|Sir Hugh Rowlands|
Sir Hugh Rowland's grave in Llanrug
|Born||6 May 1828
|Died||1 August 1909 (aged 81)
|Buried at||St Michael's Churchyard, Llanrug|
|Unit||41st (Welsh) Regiment of Foot
34th Regiment of Foot
Knight Commander of the Order of the Bath
Légion d'honneur (France)
Order of the Medjidieh (Ottoman Empire)
General Sir Hugh Rowlands VC, KCB (6 May 1828 – 1 August 1909) was a Welsh recipient of the Victoria Cross, the highest and most prestigious award for gallantry in the face of the enemy that can be awarded to British and Commonwealth forces.
Hugh Rowlands was the second son of minor Welsh landowner John Rowlands and his wife Elizabeth (née Hartwell) of Plas Tirion, Llanrug, and claimed descent from Bleddyn ap Cynfyn, Prince of Powys, and Dafydd ap Llywelyn, Prince of Gwynedd. He was educated at Beaumaris Grammar School and Mr John Taylor's Cramming Academy, Woolwich.
Rowlands was 26 years old, and a captain in the 41st (Welsh) Regiment of Foot, British Army during the Crimean War. He first saw action at the battle of the Alma in September 1856 and was present at Little Inkerman the following month.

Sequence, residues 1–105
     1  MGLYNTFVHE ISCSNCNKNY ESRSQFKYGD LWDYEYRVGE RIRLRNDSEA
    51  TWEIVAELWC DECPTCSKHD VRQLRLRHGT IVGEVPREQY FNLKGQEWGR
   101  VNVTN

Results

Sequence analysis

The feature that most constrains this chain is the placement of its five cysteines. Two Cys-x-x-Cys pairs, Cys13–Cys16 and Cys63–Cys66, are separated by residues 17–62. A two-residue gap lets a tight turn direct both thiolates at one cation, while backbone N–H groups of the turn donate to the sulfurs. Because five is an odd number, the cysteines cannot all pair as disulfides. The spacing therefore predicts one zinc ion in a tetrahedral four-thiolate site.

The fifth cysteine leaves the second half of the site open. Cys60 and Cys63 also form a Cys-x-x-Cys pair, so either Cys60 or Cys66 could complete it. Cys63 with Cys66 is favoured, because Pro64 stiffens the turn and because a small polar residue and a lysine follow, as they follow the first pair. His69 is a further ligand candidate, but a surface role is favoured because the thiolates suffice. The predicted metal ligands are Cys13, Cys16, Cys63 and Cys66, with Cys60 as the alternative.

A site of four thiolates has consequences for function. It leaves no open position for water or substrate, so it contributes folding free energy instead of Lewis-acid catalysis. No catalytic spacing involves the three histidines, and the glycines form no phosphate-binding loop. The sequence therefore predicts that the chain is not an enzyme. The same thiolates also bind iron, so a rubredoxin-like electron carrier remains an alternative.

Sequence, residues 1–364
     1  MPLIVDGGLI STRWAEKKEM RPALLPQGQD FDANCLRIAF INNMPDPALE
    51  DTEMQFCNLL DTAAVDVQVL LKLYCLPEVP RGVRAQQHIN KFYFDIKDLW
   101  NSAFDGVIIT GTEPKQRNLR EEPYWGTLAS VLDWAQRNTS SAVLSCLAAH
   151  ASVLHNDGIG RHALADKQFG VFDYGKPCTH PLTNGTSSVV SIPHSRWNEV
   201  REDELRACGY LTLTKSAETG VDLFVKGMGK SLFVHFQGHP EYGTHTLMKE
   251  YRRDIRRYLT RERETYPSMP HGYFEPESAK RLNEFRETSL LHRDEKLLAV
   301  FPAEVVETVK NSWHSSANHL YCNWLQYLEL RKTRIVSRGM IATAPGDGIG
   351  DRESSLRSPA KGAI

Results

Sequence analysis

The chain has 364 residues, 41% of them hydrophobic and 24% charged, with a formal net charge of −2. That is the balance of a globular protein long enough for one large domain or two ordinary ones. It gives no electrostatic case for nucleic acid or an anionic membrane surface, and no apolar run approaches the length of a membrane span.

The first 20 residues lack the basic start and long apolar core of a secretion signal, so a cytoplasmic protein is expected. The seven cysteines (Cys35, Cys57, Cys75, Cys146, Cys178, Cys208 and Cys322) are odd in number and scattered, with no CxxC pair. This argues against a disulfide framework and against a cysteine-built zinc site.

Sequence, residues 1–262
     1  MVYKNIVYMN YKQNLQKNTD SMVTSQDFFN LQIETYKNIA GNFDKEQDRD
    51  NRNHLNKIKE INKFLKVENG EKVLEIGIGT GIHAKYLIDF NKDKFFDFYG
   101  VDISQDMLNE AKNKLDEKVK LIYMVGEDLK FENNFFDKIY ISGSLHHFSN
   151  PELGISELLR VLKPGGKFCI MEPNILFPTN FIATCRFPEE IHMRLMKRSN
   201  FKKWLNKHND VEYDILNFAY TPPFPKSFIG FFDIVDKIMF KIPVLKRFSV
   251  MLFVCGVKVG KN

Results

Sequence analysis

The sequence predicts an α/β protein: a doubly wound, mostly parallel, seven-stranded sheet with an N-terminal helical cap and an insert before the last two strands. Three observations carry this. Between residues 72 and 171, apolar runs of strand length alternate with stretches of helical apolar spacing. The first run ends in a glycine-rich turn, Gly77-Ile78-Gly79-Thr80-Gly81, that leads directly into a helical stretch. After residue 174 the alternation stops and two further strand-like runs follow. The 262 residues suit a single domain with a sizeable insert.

On 5 November 1854 in the Crimea at Inkerman, Captain Rowlands and Private John McDermond rescued Colonel Hayly of the 47th Regiment who had been wounded and surrounded by Russian soldiers. He also acted with great gallantry in holding the ground occupied by his advanced picquet against the enemy at the commencement of the Battle of Inkerman. For this action he became the first Welshman to be awarded the Victoria Cross.
After service in the West Indies and India he was a Special Service officer in South Africa in 1878 and 1879. He was appointed Commandant of the Transvaal in 1878 and led an unsuccessful assault on the Pedi stronghold of Chief Sekukuni. He served as a brigadier-general during the later stages of the Zulu War.
His latter years of service were spent in India where he commanded the Bangalore Division of the Madras Army and, on two occasions, took temporary command if the Madras Army. Returning to Britain he was appointed Lieutenant of the Tower of London and GOC the North British District.
He later achieved the rank of General. He was born and died in Llanrug. His VC is on display at the The Welch Regiment Museum in Cardiff Castle in Wales. He served as a deputy lieutenant of Caernarfonshire and was a justice of the peace in Caernarfonshire and in the Transvaal. His only son, Major Hugh Barrow Rowlands, Suffolk Regiment and King's African Rifles, died of wounds in Somaliland in 1903.
- Monuments to Courage (David Harvey, 1999)
- The Register of the Victoria Cross (This England, 1997)
- Rowlands, VC - the life and career of General Sir Hugh Rowlands, VC, KCB (W. Alister Williams)
- Commandant of the Transvaal - the life and career of General Sir Hugh Rowlands, VC, KCB (W. Alister Williams)
- Heart of a Dragon, the VCs of Wales and the Welsh Regiments Vol 1, 1854-1902]] (W. Alister Williams)
- Location of grave and VC medal (Gwynedd, Wales)